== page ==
• The entire commodity complex is breaking down
    • What to expect next
    • What will happen with gold
    • What all this means for the future

    If you have not yet read Part 1: Deflation Is Winning – Beware! available free to all readers, please click here to read it first.

    Commodity Bust

    Copper

    'Dr. Copper' is so named for the metal's uncanny ability to both diagnose current economic activity and deliver a prognosis on future activity. Right now, it's saying the patient is very sick and not likely to recover any time soon:

    Copper has just broken through key support (in dotted circles) and looks like it could fall further. Notice the behavior of copper in 2008/09 and you’ll see that paying attention to copper is a good idea.

    Oil

    Oil has obviously fallen by a lot, with WTIC crude well under $50 again today, signaling … 

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  • Blog
    National Archives and Records Administration (NARA)

    The Environment: Depleting Resources – Crash Course Chapter 23

    Why scarcity will define the future
    by Adam Taggart

    Friday, November 28, 2014, 7:44 PM

    3

    The bottom line is this: we, as a species, all over the globe, have already mined the richest ores, found the easiest energy sources, and farmed the richest soils that our Environment has to offer.

    We have taken several hundreds of millions of years of natural ore body, fossil energy deposition, aquifer accumulation, soil creation, and animal population growth — and largely burned through them in the few years since oil was discovered. It is safe to say that in human terms, once these are gone, man, they’re gone.

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  • Insider
    © Rolffimages | Dreamstime.com

    Understanding the Secular Shift of Capital into Commodities

    Higher prices can happen even if the economy slows further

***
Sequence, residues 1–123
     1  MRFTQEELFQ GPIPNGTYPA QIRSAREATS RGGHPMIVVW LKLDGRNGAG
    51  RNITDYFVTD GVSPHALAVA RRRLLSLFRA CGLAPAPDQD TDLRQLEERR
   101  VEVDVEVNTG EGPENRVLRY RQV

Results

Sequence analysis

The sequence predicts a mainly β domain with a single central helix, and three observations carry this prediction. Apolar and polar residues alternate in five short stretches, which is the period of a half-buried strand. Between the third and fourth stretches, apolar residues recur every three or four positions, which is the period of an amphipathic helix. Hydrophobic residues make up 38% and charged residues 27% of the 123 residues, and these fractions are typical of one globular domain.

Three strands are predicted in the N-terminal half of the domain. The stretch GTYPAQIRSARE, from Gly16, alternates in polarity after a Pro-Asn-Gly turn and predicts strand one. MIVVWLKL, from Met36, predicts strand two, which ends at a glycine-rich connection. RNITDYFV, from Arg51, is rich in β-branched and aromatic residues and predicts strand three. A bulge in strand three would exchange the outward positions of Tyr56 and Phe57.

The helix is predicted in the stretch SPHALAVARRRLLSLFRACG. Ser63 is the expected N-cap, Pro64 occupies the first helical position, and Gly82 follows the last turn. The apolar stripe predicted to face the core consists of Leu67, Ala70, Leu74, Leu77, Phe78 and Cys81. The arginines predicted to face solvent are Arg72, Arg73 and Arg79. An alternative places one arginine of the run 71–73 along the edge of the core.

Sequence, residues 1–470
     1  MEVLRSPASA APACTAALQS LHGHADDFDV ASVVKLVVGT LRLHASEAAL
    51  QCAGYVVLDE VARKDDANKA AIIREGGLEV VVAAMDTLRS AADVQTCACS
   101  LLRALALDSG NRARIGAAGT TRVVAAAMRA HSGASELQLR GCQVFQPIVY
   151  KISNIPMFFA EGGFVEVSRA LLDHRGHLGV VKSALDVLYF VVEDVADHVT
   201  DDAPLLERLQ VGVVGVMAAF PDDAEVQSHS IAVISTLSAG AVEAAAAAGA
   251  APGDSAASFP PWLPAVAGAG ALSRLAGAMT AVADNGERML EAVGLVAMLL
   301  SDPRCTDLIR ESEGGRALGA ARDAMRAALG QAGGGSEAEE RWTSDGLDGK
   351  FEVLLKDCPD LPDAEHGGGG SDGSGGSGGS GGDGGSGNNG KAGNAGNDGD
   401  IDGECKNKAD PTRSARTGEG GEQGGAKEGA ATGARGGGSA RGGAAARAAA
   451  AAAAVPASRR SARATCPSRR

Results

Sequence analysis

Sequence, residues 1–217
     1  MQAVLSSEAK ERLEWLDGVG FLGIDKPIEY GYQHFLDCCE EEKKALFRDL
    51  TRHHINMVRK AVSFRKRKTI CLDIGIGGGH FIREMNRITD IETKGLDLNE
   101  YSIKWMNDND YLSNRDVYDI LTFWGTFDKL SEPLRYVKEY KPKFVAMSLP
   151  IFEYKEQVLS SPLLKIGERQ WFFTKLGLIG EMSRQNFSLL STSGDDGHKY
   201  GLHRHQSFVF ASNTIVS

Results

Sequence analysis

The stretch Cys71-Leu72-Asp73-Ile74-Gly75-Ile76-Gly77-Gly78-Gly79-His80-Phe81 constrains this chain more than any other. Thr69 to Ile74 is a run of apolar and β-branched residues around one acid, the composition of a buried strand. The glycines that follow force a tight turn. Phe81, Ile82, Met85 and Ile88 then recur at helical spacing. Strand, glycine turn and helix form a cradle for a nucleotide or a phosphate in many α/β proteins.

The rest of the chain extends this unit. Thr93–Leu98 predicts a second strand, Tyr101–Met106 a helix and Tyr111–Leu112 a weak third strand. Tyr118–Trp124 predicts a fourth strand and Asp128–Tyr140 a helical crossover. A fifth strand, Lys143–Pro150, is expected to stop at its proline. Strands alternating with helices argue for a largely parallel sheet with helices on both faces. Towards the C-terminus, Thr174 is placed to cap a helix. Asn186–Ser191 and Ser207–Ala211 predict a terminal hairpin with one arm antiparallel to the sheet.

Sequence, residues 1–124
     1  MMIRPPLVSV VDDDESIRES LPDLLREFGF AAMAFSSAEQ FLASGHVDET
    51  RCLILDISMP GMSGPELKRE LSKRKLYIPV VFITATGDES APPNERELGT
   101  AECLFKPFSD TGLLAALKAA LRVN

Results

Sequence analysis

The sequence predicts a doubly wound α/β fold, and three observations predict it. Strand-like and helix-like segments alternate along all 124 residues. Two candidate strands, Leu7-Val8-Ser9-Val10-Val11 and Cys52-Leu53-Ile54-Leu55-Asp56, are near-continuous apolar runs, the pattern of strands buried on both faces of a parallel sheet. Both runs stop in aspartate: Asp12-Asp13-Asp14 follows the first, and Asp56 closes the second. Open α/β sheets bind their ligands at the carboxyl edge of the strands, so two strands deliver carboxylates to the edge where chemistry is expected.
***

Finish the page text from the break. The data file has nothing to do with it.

by charleshughsmith

    Wednesday, July 17, 2013, 1:27 AM

    10

    Executive Summary

    • The commodity complex is already beginning to rise following oil's upside breakout
    • Natural gas is trending higher
    • Copper appears to have bottomed
    • Wheat and coffee's downtrends are ending
    • A secular rise in commodities can happen even in the face of slower economic growth and lower demand

    If you have not yet read Part I: Get Ready for Rising Commodity Prices available free to all readers, please click here to read it first.

    In Part I, we examined the conventional narratives used to explain the price of oil and found that they no longer account for oil’s breakout to a new uptrend.  I suggested that financialization and speculation could power oil much higher, despite sagging global demand for physical oil and a potentially deflationary global recession.

    This thesis has been met with widespread skepticism when I’ve aired it privately, and I think this skepticism arises from the newness of this narrative. In the past, oil has responded to supply-demand and inflation/deflation. The notion that oil could rise in a finance-induced “scarcity amidst plenty” is neither simple nor intuitive.

    If oil tracks higher, we can anticipate that the primary commodities (energy, agricultural, and construction) may well rise, even as end-user demand weakens, as oil underpins all production and transport. The 2.5% rise in producer prices over the past year suggests this is already occurring.

    The secondary reason is that lower prices eventually push marginal producers out of business, tightening supply and giving the remaining producers pricing power.

    As noted in Part I, regardless of what we see as key drivers or what we think oil “should do,” oil has broken out technically.

    Is there any evidence to support the idea that the uptrend in oil will trigger higher prices in other commodities? Let’s start with the CRB (Commodity Research Bureau) index that reflects a basket of commodities…